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    Well, my Sony Bravia W is 1080p, goddamnit. [​IMG]
     
  14. Clinton McClure

    Clinton McClure Casual Enthusiast

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    My (about 7 years old) Toshiba TW40x81 RPTV is HD-ready, with no built-in tuner. It displays 480i, 480p and 1080i. No 1080p, 720p or any kind of digital input.
     
  15. Joseph DeMartino

    Joseph DeMartino Well-Known Member

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    In the U.S. an "HD-Ready" set is one that lacks an ATSC tuner, and therefore requires a cable or satellite box or other external tuner in order to received HD signals. Sets with an HD tuner are simply "HD". There is nothing called "Full HD."

    The "HD-ready" designation has nothing to do with resolution beyond the fact that a set has to have at least 720 horizontal lines to qualify as an HD set at all.

    Certainly in the case of LCD sets the distinction can't be between 1080i and 1080p, because there is no such thing as an interlaced LCD set. (Or DLP, or plasma or LCoS or LCD RP for that matter. All fixed-pixels systems are inherently progressive scan. Only CRT-based sets are interlaced.)

    Regards,

    Joe
     
  16. Seppo

    Seppo Well-Known Member

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    This is exactly what I've been wondering lately. I'm about to step up to HD this year (probably Christmas). I have a 720p projector (Sanyo PLV-Z3) and a 92" 16:9 screen, so would 720p be worth the upgrade? How noticeable would the difference be and would I constantly be wondering "Hmm, I wonder how this is going to look in 1080p"?
     
  17. Cees Alons

    Cees Alons Moderator
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    To my big surprise, the picture on my old PAL TV set already looked much better when I first installed my Toshiba HD-A1.
    I suppose that there is still room for better horizontal resolution on those older sets, which is immediately visible when you switch to HD.

    Then, I tried the image on a 720p set, and the improvement was dramatic! So, if you ask whether or not it's worth the upgrade, I would say: yes! As said before, several of our members who stepped up to HD (HD DVD or BD) are still watching on a 720p set (even one of our reviewers does!)

    Think of it this way: suppose you upgraded your projector first, what good would that do?

    You now have the means to start enjoying HD, and all you need to do is (loosely) plan a proper trajectory. HD at Christmas, new project in x years (e.g. depending on the age of your current projector and your personal situation), etc.

    But there's no doubt you will start enjoying the HD picture from the first day on ("even" my wife immediately acknowledged the vast improvement).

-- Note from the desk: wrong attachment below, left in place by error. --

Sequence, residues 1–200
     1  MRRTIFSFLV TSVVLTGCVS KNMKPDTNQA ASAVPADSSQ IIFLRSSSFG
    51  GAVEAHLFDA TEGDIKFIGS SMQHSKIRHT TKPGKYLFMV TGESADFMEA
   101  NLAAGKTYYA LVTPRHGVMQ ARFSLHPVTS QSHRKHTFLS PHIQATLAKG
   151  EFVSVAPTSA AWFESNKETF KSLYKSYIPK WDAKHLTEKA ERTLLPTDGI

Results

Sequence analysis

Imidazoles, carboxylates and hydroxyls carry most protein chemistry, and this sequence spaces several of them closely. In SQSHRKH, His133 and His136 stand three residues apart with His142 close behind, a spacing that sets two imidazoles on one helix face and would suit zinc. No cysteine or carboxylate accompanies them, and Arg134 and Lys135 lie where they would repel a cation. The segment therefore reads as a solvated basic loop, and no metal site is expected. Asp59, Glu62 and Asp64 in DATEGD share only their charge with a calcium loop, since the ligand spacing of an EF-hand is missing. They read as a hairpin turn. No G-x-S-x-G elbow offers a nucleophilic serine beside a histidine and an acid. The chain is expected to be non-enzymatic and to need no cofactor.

Cees
     
  18. KurtEP

    KurtEP Well-Known Member

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    My Samsung CRT (no idea of the model designation and it's not convenient to check, unfortunately) is listed as an HD ready. As far as I know (the manual is about 100 miles away right now), it has no HD tuner built in, but it will display 1080i. It says it is an HD Monitor on the front.

    I run HD DVD via an Xbox 360 and Blu Ray via a PS3 through it with fantastic results. As far as cable goes, I don't really know whether some of the new boxes will convert it to a form useable by the TV, or whether I'd need a separate HD tuner (do they even make them anymore?). Anyway, the question isn't really relevant for me, since I don't plan on upgrading to HD cable until I finish grad school in a year.
     
  19. Marko Berg

    Marko Berg Well-Known Member

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    Cees:

    You gentlemen are talking about two different things. Jari's Sony FullHD set certainly displays everything in 1080p, but I think Cees was referring to the fact that currently few sets (and a year ago, just about none) accepted 1080p directly via external video inputs.

    I'm desperately waiting for a TV set that will accept a 1080p24 signal, and display that at an appropriate refresh rate without the need to convert the signal to 1080p60.
     
  20. Joe D

    Joe D Well-Known Member

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    Likewise, my Mits RPTV is HD-Ready, it will accept a 1080i signal but it lacks a built in HD tuner.

    I believe in the US the TV's that accept 720P but no 1080i signal are called ED-TV, which means extended definition.

    Please correct me if I have made an error.